Firstly, there are the Section 54EC bonds where you can get a tax break by investing the proceeds of your sale in these Section 54EC bonds. For example, if you sold your property which you had bought in 2007 for Rs.55 lakhs at Rs.1.20 crore in 2017, then you can avoid paying the capital gains on these bonds by reinvesting the entire Rs.1.20 crore in Section 54EC bonds. The benefit under Section 54EC will be available in the form of making your capital gains tax-free. The interest earned on Section 54EC bonds will be fully taxable in the hands of the investors. Secondly, there are the tax-free bonds wherein the interest paid on the bonds at regular intervals is entirely tax-free in the hands of the investor. So a 6 % tax-free bond will have an effective pre-tax return of 8.57 % assuming that you are in the 30 % tax bracket. Most tax-free bonds are fairly attractive when compared to normal taxable bonds and bank FDs in terms of effective pre-tax returns.
Do Section 54EC bonds make investment sense?
Prima facie, these bonds are heavily in demand from HNIs who find this a good way of saving their capital gains tax. However, there are a few basic things you need to remember about investing in these bonds. The yields on such bonds are much lower than on normal bonds and bank FDs to factor in the tax benefit. Hence it will only make sense if you actually capital gains you need to save tax on. Secondly, to be eligible for a tax break under Section 54EC, you need to invest the entire proceeds and not just the capital gains. That has an opportunity-cost in the form of alternate investment opportunities foregone. So, these bonds are not exactly effective unless capital gains constitute a major chunk of your overall sales proceeds.
A better way to approach this would be calculating your actual capital gains tax payable after adjusting for the indexing benefits of long term holding. If after considering indexing, your total tax payable is less than 10 % of the proceeds then it makes sense for you to pay off the tax and invest the proceeds in more wealth creating investments. Alternatively, you can also get the same benefit under Section 54 if you reinvest the proceeds in acquiring another property. Considering the lock-in period involved and the opportunity cost of investing the entire proceeds, the tax saving bond may have limited utility from an investor 's perspective.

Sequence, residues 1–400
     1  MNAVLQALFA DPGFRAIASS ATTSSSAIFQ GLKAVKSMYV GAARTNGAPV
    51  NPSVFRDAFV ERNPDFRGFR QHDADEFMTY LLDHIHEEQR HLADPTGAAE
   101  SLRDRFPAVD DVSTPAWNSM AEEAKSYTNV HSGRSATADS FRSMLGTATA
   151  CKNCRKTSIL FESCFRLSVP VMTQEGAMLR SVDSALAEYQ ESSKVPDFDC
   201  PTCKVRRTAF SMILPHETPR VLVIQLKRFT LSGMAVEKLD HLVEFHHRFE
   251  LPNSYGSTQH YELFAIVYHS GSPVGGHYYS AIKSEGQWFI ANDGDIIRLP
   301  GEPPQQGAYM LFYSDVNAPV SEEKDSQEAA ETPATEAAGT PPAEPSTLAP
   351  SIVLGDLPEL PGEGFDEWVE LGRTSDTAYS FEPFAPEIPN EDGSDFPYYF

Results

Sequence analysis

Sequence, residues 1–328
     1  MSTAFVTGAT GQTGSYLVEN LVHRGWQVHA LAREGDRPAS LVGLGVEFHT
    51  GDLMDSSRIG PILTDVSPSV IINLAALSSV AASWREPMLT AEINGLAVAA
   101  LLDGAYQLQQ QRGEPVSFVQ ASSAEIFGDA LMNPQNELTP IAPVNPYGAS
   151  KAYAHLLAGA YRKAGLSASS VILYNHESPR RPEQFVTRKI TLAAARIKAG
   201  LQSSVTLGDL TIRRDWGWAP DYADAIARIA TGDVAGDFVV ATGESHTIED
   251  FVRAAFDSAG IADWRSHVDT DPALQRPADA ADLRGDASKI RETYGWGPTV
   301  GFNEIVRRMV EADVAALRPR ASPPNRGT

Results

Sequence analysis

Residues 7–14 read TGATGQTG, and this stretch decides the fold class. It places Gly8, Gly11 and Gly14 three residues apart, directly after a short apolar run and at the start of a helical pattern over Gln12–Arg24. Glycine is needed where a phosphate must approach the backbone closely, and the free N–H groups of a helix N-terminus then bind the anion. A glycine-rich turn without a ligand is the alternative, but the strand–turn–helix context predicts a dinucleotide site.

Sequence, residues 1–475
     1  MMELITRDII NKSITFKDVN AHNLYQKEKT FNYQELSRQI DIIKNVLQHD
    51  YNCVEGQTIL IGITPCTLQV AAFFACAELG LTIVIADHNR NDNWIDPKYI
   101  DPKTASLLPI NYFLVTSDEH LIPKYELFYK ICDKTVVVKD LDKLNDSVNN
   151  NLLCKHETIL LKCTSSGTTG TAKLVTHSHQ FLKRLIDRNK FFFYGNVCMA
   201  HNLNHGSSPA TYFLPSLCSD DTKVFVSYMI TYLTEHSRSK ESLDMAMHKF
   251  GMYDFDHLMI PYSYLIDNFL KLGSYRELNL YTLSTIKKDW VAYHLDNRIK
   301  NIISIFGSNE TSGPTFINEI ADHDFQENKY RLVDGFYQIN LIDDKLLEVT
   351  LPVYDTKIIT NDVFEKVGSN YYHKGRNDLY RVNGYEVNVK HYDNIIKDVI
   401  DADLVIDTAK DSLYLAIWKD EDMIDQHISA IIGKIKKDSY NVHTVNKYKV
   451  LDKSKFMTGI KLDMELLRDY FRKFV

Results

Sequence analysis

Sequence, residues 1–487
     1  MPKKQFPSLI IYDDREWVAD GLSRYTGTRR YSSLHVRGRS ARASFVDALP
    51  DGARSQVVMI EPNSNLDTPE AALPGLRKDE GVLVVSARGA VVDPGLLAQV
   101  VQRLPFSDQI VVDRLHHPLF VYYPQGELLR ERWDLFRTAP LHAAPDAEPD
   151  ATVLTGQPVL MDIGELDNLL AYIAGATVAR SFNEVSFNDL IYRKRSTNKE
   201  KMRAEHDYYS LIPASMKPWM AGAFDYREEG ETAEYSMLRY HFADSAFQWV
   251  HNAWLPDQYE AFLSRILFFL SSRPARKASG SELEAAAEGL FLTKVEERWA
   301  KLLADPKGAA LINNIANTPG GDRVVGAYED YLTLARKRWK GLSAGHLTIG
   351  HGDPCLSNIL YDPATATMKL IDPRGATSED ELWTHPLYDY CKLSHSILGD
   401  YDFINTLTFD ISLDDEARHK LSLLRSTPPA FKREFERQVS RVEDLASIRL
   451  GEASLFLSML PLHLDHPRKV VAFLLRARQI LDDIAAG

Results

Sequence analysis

Are tax-free bonds a good investment option?
As discussed earlier, these tax-free bonds entail an investment in an infrastructure driven company which will be eligible to earn tax-free interest. Prima facie, the effective returns are higher than taxable bonds if you consider the impact of taxation. But the lock-in period can be quite a deterrent as your bonds are literally idle in your demat account or in your vault. The key question is whether the lock in period is justified considering that this asset does not exactly create wealth over the long term. The value of the bond remains virtually unchanged. A better choice would be to stick to traditional bonds and FDs that would not have the hassle of lock-in periods and can also be monetized at short notice in a much easier manner.
Why not look at debt funds as a better option..
Debt is intended to meet your basic needs for stability and assured returns. A better choice will be opt for debt funds instead. It proffers quite a few advantages. Firstly, the dividends that you opt for will be entirely tax-free in your hands. Secondly, debt funds are liquid and you can monetize your debt funds at very short notice and realize funds in less than 2 days. Thirdly, investors do worry about default risk and interest rate risk. We will look at interest rate risk separately, but default risk can be overcome by focusing on G-Sec funds that are entirely risk-free. Lastly, let us come to the aspect of interest rate risk. In the current economic context, the rates have held a downward trajectory and therefore rates should work in favour of debt funds. When rates fall in the market, debt funds see an appreciation in their NAV and therefore investors earn the interest plus the capital gains. That is a benefit that is not available in case of even tax-free bonds.
To conclude, while it is easy to get carried away by the apparent attractiveness of tax-saving bonds, you need to get the arithmetic right. Evaluate the options and then take a final call on investing in these tax-free bonds!